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Almost A Decade Ago: WWII relics and superyachts

Legacy Phuket Gazette

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PHUKET: As the Phuket Gazette plunged in with its first-ever Thailand Yacht Show Special Edition, we narrowed the gap in ‘A Decade Ago’ to 9-years-and-9-months ago… for the sake of marine thematics.

Skipping over what is without a doubt a very dry page one at the beginning of the rainy season, let’s dive to the depths of a small story on page three of the May 13, 2006 issue of the Gazette: Mission to raise human torpedoes from WWII.

Chalong-based marine engineer Capt Chris Parton had requested permission to salvage two World War II Chariots – sometimes known as ‘human torpedoes’ – from the sea floor off Koh Dok Mai.

The Chariots were British designed manned torpedoes that were carried on a submarine and then launched underwater with two frogmen on board. The Chariot would enter an enemy harbor, where the frogmen would place limpet mines on enemy ships before returning to the submarine.

According to Wikipedia, the only completely successful British Chariot operation occurred in Phuket on October 28-29, 1944. Two crews on MK II Chariots, commanded by Lieutenant Tony Eldridge RNVR, were launched from the submarine HMS Trenchant to attack two Italian cargo ships in the harbor of Japanese-occupied Phuket.

After the charges went off, the Sumatra sank and the Volpi was so badly crippled that it was abandoned.

The Chariots were thought to have then been dumped on the seabed near Koh Dok Mai, where they allegedly have remained. That was exactly where Capt Parton hoped to find them.

When asked for permission to begin salvage efforts in May 2006, then-Phuket Governor Udomsak Uswarangkura told Capt Parton that before trying to raise the Chariots he must produce documentation proving that he has permission from the British government, in particular the Ministry of Defence.

Capt Parton sent off the letter, and the reply was delivered to Governor Udomsak.

The letter from the British Navy read, in part, “Both in UK and International law, wrecked military aircraft and vessels remain the property of the state (in this case of the British Crown), regardless of location or condition. Ownership is not lost with the passage of time.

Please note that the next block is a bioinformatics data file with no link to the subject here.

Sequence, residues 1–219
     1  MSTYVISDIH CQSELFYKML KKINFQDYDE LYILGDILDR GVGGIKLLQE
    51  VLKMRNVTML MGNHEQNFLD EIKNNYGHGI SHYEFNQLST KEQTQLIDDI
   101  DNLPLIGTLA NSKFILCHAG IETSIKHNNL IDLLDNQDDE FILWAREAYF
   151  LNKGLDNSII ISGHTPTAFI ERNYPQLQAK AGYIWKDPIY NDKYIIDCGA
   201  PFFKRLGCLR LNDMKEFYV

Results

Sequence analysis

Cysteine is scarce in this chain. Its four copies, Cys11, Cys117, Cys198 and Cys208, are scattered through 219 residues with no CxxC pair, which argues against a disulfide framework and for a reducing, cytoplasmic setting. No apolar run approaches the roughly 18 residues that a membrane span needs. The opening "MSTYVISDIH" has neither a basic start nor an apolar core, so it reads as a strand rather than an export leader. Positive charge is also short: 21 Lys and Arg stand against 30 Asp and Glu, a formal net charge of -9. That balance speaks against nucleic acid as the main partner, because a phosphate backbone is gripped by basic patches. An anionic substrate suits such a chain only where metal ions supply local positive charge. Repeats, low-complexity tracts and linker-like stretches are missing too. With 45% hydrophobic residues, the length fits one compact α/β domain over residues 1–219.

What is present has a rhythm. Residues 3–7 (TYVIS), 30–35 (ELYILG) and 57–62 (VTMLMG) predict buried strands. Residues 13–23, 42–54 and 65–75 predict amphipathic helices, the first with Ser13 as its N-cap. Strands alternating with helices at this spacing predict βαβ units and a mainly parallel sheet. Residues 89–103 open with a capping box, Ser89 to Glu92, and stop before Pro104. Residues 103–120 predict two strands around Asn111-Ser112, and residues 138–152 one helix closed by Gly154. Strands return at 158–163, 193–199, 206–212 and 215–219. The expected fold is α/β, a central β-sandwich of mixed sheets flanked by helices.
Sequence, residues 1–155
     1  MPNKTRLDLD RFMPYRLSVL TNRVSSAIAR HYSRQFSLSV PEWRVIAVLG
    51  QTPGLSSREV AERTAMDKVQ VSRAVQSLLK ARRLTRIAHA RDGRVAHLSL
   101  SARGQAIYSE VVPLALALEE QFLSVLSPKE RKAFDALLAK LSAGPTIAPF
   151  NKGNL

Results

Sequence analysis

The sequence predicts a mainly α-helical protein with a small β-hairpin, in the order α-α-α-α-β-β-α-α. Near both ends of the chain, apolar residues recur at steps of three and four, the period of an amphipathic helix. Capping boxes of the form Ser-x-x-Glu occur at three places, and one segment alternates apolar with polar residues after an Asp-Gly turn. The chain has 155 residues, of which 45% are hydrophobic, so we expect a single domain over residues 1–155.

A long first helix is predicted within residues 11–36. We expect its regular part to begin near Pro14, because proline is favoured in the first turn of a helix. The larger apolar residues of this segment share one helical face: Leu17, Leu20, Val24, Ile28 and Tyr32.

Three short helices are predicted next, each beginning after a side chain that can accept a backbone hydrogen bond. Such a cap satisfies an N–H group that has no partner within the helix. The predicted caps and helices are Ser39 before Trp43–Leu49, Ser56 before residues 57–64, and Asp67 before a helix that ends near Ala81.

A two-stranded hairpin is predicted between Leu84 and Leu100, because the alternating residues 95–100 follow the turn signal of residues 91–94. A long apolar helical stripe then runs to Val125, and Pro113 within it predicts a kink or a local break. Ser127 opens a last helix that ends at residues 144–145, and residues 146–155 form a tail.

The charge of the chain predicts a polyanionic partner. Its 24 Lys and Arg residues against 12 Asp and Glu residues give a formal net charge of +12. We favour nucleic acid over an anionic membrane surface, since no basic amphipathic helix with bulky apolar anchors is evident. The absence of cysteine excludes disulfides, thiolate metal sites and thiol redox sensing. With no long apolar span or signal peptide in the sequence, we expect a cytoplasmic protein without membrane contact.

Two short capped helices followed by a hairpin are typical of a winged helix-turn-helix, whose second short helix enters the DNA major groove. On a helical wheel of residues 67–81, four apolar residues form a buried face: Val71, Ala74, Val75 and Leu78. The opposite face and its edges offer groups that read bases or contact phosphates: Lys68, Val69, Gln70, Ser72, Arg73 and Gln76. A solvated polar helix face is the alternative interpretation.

“Moreover, the provisions of the International Convention on Salvage 1989 do not apply to warships; consequently, in international waters and the territorial waters of other states, the wrecks of British military aircraft and warships cannot lawfully be the subject of salvage.

“[The British government’s] permission is needed to recover them and this we are not prepared to grant. We consider the Chariots to be heritage assets and as such they should remain and be studied in situ.”

Though rumors of those hunting the Chariots have cropped up from time to time on the island, no certain proof has been raised from the depths of Koh Dok Mai.

Prior to Cap Parton getting the island excited about the WWII artifacts, Phuket was awash in rumors of a different type of mini-submarine.

“Mini-sub fever, sparked by newspaper reports of a submarine being built in a Phuket shipyard for Sri Lanka’s rebel Tamil Tigers, reached a new pitch with reports of another small sub sighted in the waters off Koh Hey Island,” reported the Gazette in 2000.

A police raid on a boatyard in Rawai turned up three mini-subs, which were very different from a submarine found by the Gazette a few days prior.

The owner and inventor of the subs was named as Sithichai Wonsrivijit, who is the owner of Sea Station Partnership, which runs a diving and snorkelling business at Koh Hey.

“He explained that he is also an inventor – he invented a helmet for sea walking and had just completed building his latest invention. He had taken it out to Koh Hey for a trial run on the day it was spotted,” said then-Chalong Police Superintendent Sati Malakanond.

Though mini-subs are renowned for being the vessel of choice for drug cartels and terrorists, police saw no connections between Mr Sithichai’s mini-sub and the Tamil Tigers or any other foreign organization.

What happened to Mr Sithichai’s design or patent doesn’t seem to have found its way back into the Gazette. However, there is a real market for mini-subs now – especially compact ones… you know, so it fits on your superyacht.

Companies such as U-Boat Worx now offer some of the slickest, most compact submarines with depth capabilities of up to 300 meters.

“More and more owners of existing or future superyachts are deciding to take a personal submersible on board. This was unthinkable just a short while ago. Submersibles were generally too big and too heavy to operate from a superyacht,” explains U-Boat Worx PR.

And you guessed it, that’s now changed. So, why not weigh up whether or not the superyacht has a submersible on board when you start looking at which of these luxury juggernauts to charter in Phuket. Or maybe be a bit naughty and go look for your own WWII relic?

— Isaac Stone Simonelli

 

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Archiving articles from the Phuket Gazette circa 1998 - 2017. View the Phuket Gazette online archive and Digital Gazette PDF Prints.

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